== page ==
Oxford, Oxford University Press, 2008, ISBN: 9780199285181; 455pp.; Price: £58.00
Date accessed: 18 August, 2017
The New Model Army’s Declaration of 14 June 1647 famously stated that ‘We were not a mere mercenary army, hired to serve any arbitrary power of state’. This phrase, a favourite of historians of the period, captures the fateful politicisation of Parliament’s army; an event that ultimately catapulted England into its dalliance with regicide and republican government. The New Model’s denial that they were mercenary soldiers, however, begs questions of honour and the nature of ‘soldiers for a cause’ that has long demanded further enquiry. Ian Gentles’ ambitious The New Model Army (1) can be seen as one of the first attempts to explain the cultural underpinning of this particular Army. Barbara Donagan’s War in England 1642–1649 goes further and presents an ambitious attempt to provide a cultural history of warfare in the English Civil Wars that is informative for non-military historians as well as the educated general reader.
For non-military historians of the period questions about soldiers and armies have been intrinsically linked to the political revolution heralded by the New Model’s entry into the political sphere in the late 1640s. This has ranged from 1950s and 60s interpretations that, at their most excessive, saw the New Model as a mixture of soldier soviets and millenarian saints in arms. For the so-called revisionist historians of the 1970s and 80s, most notably Mark Kishlansky and John Morrill, the New Model’s entry into politics came from a more conservative bedrock: that of an army concerned with the material factor of pay but also the retention of its honour and honour’s legal concomitant, indemnity. In addition to histories that have focused on the New Model, historians led by the pioneering studies of Ian Roy and Ronald Hutton have also examined the royalist armies and soldiery, causing historians to talk of distinct ‘royalisms’ in the plural rather than a uniform ‘King’s Party’.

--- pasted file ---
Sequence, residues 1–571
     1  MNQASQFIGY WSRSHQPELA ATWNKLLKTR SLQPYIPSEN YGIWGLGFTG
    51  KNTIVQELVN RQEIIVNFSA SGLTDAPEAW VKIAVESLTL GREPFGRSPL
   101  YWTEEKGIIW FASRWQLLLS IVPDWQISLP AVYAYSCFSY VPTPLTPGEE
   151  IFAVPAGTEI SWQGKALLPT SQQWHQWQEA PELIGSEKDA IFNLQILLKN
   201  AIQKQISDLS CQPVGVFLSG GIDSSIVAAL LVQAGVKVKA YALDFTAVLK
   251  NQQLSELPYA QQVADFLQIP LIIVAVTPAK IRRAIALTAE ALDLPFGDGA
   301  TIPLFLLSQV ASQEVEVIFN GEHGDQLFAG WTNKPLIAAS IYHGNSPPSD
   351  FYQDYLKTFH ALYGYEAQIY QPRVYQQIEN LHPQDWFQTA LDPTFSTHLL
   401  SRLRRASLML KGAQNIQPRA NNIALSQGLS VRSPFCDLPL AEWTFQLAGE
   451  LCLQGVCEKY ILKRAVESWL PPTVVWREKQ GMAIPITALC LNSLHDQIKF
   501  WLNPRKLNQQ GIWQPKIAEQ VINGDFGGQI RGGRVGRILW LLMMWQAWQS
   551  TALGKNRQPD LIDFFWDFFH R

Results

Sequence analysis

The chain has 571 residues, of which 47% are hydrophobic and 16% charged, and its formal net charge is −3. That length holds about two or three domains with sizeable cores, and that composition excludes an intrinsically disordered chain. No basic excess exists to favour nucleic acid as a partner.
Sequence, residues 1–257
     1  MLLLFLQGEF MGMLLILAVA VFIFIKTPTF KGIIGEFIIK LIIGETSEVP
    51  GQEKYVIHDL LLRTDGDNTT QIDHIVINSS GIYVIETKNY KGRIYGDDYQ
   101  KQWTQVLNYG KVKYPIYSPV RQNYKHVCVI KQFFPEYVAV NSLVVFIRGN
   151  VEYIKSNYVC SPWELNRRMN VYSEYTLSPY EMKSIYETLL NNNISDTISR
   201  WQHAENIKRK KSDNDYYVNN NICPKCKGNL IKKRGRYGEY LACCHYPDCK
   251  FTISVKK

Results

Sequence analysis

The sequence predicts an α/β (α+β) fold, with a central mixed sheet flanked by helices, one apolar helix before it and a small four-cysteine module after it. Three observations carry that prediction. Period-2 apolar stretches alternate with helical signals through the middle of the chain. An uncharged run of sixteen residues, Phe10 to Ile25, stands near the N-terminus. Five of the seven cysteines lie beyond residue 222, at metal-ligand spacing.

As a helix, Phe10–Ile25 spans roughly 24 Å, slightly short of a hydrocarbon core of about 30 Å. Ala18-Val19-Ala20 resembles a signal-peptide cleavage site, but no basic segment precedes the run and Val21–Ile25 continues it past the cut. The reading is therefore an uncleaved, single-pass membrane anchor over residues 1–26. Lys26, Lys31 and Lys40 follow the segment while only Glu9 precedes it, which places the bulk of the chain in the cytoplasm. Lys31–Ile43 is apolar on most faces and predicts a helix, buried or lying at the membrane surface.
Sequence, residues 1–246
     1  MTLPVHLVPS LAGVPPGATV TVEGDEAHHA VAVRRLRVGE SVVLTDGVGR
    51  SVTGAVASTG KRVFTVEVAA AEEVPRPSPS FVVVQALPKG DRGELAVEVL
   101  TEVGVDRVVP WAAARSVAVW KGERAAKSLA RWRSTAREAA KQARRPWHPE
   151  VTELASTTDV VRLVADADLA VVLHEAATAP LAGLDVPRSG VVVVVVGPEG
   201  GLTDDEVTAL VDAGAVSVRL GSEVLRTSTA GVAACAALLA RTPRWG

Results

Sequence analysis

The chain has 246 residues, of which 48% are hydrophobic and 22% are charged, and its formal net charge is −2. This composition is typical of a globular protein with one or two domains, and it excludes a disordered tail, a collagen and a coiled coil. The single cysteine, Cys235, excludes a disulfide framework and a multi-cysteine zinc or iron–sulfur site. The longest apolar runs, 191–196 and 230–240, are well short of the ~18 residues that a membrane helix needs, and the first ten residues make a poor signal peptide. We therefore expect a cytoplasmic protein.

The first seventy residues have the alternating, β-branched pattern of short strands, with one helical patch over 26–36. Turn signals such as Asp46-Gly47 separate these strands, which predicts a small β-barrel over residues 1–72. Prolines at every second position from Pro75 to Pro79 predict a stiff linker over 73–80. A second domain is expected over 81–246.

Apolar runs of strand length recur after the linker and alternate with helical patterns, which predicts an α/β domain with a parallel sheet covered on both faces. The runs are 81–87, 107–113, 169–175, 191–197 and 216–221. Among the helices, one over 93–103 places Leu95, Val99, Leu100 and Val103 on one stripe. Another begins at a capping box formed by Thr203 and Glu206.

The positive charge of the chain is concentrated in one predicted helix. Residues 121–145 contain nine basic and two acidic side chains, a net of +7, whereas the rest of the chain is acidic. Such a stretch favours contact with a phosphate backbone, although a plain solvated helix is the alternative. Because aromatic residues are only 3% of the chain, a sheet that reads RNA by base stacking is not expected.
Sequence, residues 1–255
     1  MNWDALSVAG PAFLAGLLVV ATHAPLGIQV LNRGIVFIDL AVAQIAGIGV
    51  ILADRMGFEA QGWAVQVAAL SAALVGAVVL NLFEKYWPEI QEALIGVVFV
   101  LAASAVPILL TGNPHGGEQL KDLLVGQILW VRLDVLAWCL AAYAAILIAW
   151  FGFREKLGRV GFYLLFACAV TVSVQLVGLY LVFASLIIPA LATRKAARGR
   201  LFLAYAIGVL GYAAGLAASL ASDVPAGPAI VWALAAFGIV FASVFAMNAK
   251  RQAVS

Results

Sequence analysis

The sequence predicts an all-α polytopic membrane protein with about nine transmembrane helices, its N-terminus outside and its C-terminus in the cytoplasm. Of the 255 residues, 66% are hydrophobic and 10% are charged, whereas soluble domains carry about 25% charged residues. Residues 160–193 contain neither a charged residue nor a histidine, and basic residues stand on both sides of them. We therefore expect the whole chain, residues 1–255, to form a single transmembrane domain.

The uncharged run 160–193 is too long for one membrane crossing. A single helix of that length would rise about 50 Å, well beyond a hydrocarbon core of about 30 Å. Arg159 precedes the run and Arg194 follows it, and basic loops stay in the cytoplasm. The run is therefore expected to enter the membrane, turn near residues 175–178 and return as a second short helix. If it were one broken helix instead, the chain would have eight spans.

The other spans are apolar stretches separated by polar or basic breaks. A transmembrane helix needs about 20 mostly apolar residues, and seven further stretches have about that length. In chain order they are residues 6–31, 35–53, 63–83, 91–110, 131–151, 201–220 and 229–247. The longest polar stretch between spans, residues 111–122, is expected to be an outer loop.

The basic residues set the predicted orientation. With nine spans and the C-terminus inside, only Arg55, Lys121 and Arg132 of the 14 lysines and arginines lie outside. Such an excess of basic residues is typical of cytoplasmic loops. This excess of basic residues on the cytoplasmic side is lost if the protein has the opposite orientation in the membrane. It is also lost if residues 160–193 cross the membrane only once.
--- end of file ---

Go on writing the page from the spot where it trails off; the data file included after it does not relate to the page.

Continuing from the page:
In recent decades, military historians of all periods of European history, often unfairly caricatured as having a ‘toy soldier’ approach to history concentrating on tactics, battles and troop formations with the politics taken out, have moved away from discussions of pure military concerns to a more encompassing cultural approach to the history of warfare. War in England 1642–1649 can be located in this trend towards a new military history. In adopting the cultural approach to the history of warfare, Donagan attempts to capture the background and structure of military discourse in the middle decades of the 17th century to show how this discourse informed the day to day life of armies and soldiers in England’s ‘Mad Warre’.
Donagan’s use of sources is impressive, ranging from the printed word such as Richard Elton’s soldier’s manual The Compleat Body of the Art Military or William Gouge’s pre-war collection of sermons God’s Three Arrowes, to visual images such as maps and pamphlet frontispieces. Donagan also draws on a wide range of manuscript reports of battles and sieges, legal records and soldiers’ memoirs. Her use of sources is always sensitive and appropriate, never falling into the ‘one damn fact after another’ approach that can often mar accounts of the mentalité of a period. This is helped by a writing style that, whilst densely packed, is never turgid.